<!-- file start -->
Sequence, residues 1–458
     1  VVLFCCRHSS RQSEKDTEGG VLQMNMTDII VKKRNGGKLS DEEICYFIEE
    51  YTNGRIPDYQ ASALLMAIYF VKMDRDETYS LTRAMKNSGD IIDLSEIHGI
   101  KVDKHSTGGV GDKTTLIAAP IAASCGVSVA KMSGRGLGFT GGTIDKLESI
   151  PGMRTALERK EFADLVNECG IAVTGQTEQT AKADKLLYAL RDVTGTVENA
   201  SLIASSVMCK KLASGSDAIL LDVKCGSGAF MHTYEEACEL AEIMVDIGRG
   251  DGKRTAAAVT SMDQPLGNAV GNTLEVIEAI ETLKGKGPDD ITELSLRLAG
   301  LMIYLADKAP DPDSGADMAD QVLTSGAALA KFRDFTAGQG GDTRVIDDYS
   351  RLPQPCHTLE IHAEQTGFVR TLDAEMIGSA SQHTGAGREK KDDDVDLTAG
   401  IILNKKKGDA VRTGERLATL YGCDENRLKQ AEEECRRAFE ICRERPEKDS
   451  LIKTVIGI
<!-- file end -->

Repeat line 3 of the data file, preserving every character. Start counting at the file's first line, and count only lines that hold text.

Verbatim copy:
    51  YTNGRIPDYQ ASALLMAIYF VKMDRDETYS LTRAMKNSGD IIDLSEIHGI